We've continued to support animal ethics committees
We've continued to support members of local animal welfare and ethics committees - such as Animal Welfare and Ethical Review Bodies (AWERBs) - to help them carry out all of their roles and functions effectively. Every establishment in the UK which breeds, supplies or uses lab animals must have an AWERB, and these play a vital role in challenging whether and how animals are used.
In recent months, we've run online workshops aimed at supporting 'lay' members of these bodies, who crucially provide an independent perspective and can act as an important voice for animals. We also organised an 'AWERB-UK' event, open to all roles of AWERB members (such as vets, animal technologists and scientists). The event provided a forum for discussion on how AWERBs have coped as they continue to operate online during the pandemic and offered a vital opportunity to share ideas and good practices.
We've helped to raise awareness and reduce suffering
We've also been hosting virtual events and producing resources aimed at helping those using and caring for animals in research to think about and refine the whole life experience of animals in order to reduce suffering and improve welfare. Our annual Rodent Welfare Meeting - which we hold with our friends at the Universities Federation for Animal Welfare (UFAW) - had to be held online for the first time, but was attended by a record 400 participants.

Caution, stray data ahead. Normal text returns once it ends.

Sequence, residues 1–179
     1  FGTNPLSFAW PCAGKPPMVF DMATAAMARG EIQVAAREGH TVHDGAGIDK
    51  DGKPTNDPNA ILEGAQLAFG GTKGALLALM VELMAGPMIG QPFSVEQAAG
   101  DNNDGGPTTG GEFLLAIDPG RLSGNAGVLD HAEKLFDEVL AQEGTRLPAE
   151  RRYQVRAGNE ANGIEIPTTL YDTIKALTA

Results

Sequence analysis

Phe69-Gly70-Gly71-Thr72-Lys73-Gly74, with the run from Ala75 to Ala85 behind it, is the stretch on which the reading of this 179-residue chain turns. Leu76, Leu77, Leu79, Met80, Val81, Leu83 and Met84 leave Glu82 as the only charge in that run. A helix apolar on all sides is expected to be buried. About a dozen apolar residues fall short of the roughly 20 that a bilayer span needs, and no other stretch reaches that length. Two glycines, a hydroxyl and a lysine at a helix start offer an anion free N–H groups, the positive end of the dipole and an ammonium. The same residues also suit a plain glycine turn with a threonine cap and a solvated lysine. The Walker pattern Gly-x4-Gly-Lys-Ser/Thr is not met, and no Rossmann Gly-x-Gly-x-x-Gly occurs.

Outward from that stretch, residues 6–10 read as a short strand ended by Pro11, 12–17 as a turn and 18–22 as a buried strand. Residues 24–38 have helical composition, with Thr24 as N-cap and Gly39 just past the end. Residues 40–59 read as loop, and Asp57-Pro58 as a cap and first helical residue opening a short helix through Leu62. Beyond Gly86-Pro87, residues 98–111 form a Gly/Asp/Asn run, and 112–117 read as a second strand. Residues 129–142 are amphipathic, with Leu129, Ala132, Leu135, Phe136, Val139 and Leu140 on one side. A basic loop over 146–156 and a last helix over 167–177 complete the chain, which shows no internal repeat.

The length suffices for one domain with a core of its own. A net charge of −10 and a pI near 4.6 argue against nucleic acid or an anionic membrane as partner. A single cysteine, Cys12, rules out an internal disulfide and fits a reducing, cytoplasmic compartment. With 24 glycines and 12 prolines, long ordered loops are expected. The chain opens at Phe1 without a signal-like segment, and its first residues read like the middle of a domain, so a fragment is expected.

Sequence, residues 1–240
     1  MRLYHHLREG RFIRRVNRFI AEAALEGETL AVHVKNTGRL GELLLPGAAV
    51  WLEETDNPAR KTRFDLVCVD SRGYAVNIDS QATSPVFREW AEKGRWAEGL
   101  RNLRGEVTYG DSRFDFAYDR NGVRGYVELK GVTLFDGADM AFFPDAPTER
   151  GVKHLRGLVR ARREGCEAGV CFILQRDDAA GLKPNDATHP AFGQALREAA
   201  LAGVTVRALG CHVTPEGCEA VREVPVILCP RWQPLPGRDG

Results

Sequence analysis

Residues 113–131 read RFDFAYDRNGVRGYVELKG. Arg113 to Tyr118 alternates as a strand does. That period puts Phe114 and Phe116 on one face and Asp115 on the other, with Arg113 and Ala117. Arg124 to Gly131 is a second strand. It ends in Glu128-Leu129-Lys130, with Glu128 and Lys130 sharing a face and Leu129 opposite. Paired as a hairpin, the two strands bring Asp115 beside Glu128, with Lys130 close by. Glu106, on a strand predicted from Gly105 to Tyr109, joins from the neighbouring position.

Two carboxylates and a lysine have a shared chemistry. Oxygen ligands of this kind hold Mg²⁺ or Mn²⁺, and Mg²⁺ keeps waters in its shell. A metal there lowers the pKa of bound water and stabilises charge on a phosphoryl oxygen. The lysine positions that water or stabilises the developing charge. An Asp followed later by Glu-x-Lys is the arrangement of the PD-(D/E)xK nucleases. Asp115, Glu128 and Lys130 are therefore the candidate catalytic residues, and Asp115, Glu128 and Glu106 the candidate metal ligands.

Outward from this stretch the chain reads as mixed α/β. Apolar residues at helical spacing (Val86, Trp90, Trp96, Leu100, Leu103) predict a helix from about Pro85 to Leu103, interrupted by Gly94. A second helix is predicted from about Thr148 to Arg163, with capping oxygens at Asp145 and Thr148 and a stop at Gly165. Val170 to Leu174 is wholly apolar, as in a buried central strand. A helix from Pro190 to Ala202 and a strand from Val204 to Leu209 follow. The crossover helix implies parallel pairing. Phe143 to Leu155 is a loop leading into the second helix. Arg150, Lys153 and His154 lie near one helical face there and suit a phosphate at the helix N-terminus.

A second, brand new event for us, Focus on Fish, was attended by almost 650 participants from around 50 countries! These meetings bring together scientists, animal technologists, vets and regulators to share the latest knowledge that can help to improve animal welfare. We always get great feedback after events like these, with participants telling us what practical changes they plan to make as a result of what they've heard and learned. We've also produced a series of new posters and articles encouraging people to review and improve how they house and care for fishes in their facilities.
We've had positive impacts internationally
Improving standards for laboratory animals internationally is also a really important area of activity for us - and one where our voice carries a lot of influence. As well as working alongside our friends at Eurogroup for Animals on improving animal welfare across Europe, we have also worked with partners in South Korea on the development of new official Government guidelines relating to the use of animals in research. We've also provided important input into new guidance on the housing and care of fishes from an organisation that sets standards for scientists to follow in Canada.
Our expertise is highly respected and valued by other organisations around the world, and our work is helping to make a real difference to animals in laboratories globally. For this, we're extremely proud and extremely grateful - both in terms of our hard-working team as well as our vital supporters.
Find out how you can help animals in science